Brussels / 1 & 2 February 2020


Building cloud-based data services to enable earth-science workflows across HPC centres

Weather forecasts produced by ECMWF and environment services by the Copernicus programme act as a vital input for many downstream simulations and applications. A variety of products, such as ECMWF reanalyses and archived forecasts, are additionally available to users via the MARS archive and the Copernicus data portal. Transferring, storing and locally modifying large volumes of such data prior to integration currently presents a significant challenge to users. The key aim for ECMWF within the H2020 HiDALGO project is to migrate some of these tasks to the cloud, thereby facilitating fast and seamless application integration by enabling precise and efficient data delivery to the end-user. The required cloud infrastructure development will also feed into ECMWF's contribution to the European Weather Cloud pilot which is a collaborative cloud development project between ECMWF and EUMETSAT.

ECMWF and its HiDALGO partners aim to implement a set of services that enable the simulation of complex global challenges which require massive high performance computing resources alongside state-of-the-art data analytics and visualization.

ECMWF's role in the project will be to enable seamless integration of two pilot applications with its meteorological data and services delivered via ECMWF's Cloud and orchestrated by bespoke HiDALGO workflows. The demonstrated workflows show the increased value of weather forecasts, but also derived forecasts for air quality as provided by the Copernicus Atmospheric Monitoring Service (CAMS).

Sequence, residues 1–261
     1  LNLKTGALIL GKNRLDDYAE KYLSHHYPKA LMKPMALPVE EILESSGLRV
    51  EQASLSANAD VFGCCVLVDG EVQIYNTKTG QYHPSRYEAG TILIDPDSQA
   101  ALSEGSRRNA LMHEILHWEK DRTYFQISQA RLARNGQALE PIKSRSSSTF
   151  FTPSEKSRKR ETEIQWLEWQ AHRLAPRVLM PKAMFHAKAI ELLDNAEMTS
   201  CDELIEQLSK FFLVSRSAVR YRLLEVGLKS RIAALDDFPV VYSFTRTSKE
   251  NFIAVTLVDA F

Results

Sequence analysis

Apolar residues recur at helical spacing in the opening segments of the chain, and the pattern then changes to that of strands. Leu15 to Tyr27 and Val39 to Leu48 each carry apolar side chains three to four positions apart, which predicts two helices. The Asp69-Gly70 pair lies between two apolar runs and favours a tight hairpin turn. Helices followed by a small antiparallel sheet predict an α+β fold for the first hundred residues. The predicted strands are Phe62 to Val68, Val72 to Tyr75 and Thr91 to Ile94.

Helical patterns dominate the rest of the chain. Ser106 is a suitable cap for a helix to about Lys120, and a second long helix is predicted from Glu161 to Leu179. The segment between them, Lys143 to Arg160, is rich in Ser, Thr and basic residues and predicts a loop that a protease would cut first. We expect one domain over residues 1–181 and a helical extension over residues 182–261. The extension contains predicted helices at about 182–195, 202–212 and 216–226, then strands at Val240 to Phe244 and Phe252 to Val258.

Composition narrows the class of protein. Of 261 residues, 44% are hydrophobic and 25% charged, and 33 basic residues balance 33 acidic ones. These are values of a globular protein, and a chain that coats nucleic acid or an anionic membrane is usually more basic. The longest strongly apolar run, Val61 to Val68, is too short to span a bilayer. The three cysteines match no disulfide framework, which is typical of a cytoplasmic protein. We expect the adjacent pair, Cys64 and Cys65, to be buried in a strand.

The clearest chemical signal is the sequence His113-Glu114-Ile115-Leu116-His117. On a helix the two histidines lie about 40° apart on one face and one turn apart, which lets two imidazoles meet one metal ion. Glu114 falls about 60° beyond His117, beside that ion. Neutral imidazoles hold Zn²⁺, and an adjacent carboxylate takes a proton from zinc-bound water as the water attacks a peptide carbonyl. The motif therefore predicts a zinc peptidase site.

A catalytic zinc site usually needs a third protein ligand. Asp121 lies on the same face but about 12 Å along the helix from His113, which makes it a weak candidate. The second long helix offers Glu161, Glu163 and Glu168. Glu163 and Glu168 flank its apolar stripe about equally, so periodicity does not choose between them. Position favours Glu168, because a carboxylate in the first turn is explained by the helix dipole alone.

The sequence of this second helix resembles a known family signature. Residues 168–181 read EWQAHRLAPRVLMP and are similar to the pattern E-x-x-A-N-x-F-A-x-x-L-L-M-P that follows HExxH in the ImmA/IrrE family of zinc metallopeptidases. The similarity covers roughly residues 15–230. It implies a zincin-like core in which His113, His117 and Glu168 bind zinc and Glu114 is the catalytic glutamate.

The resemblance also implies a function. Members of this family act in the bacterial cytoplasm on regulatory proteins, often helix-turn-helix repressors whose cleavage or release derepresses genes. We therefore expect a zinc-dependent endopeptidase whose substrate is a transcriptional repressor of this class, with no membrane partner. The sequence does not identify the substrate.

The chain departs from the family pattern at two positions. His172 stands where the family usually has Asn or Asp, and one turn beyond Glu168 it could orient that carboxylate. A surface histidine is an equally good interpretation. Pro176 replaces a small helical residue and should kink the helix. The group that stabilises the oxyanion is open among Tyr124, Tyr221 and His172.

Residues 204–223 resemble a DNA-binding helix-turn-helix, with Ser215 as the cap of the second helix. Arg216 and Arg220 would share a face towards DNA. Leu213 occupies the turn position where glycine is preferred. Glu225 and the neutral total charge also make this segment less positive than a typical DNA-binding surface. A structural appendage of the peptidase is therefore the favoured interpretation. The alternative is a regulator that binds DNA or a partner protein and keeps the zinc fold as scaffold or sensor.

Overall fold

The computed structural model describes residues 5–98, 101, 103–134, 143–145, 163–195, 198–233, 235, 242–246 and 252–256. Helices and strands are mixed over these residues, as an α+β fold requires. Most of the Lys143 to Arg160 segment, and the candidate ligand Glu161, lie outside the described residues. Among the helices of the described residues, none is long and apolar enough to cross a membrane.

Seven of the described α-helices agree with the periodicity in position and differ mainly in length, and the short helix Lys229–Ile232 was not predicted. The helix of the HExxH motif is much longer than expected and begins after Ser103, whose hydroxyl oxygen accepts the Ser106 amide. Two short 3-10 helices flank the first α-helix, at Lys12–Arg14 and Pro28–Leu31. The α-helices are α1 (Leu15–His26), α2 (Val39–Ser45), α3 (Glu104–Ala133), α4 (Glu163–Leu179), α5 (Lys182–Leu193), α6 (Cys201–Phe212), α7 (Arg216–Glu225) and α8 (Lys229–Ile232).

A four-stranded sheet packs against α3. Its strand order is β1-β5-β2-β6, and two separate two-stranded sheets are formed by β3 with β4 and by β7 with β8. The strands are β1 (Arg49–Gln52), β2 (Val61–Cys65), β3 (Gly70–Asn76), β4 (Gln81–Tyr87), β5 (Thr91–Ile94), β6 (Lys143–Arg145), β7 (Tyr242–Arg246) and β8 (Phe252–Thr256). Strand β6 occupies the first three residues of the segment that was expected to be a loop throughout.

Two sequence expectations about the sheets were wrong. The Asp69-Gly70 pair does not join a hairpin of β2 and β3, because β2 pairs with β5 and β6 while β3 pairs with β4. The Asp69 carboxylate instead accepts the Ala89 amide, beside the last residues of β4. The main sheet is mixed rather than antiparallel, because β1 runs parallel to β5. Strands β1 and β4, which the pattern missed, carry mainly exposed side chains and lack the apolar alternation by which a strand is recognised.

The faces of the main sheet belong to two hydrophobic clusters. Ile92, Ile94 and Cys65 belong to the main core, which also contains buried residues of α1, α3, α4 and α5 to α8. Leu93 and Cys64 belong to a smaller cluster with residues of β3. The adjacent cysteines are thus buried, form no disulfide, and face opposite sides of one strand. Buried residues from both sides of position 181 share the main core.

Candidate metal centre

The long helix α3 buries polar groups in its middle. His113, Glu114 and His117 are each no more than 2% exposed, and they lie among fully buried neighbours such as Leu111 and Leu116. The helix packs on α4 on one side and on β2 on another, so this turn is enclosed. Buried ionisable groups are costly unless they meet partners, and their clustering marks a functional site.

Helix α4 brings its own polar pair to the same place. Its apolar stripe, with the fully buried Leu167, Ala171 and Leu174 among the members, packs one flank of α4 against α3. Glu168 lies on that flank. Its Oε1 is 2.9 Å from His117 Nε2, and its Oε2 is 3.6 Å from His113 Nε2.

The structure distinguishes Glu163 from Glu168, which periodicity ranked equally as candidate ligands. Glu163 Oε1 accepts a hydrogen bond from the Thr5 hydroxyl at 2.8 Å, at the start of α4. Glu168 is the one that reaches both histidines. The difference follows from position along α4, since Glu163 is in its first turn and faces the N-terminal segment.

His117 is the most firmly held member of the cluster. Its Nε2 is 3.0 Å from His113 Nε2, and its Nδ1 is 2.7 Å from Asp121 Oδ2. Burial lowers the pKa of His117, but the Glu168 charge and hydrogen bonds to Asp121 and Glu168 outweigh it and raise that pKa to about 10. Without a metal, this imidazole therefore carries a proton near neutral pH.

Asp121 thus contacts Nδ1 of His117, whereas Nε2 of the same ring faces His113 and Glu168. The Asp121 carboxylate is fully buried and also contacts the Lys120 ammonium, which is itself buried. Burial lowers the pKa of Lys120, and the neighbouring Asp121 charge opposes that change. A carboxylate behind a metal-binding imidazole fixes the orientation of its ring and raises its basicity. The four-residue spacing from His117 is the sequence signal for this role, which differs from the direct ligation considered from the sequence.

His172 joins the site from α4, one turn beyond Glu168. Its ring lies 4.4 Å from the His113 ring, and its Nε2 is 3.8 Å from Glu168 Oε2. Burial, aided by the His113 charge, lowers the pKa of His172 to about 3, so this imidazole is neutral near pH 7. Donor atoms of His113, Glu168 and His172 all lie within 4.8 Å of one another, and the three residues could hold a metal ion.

The HiDALGO use-case workflows are comprised of four main components: pre-processing, numerical simulation, post-processing and visualization. The core simulations are ideally suited to running in a dedicated HPC environment, due to their large computational demands, coupled with the heavy communication overhead between parallel processes. However, the pre-/post-processing and visualisation tasks generally do not demand more than a few cores to compute and do not require message passing between instances, hence they are good candidates to run in a cloud environment. Enabling, managing and orchestrating the integration of both HPC and cloud environments to improve overall performance is the key goal of HiDALGO.

This talk will give a general overview of HiDALGO project and its main aims and objectives. It will present the two test pilot applications which will be used for integration, and an overview of the general workflows and services within HiDALGO. In particular, it will focus on how ECMWF's cloud data and services will couple with the test pilot applications to improve overall workflow performance and enable access to new data for the pilot users.

This work is supported by the HiDALGO project and has been partly funded by the European Commission's ICT activity of the H2020 Programme under grant agreement number: 824115.


John Hanley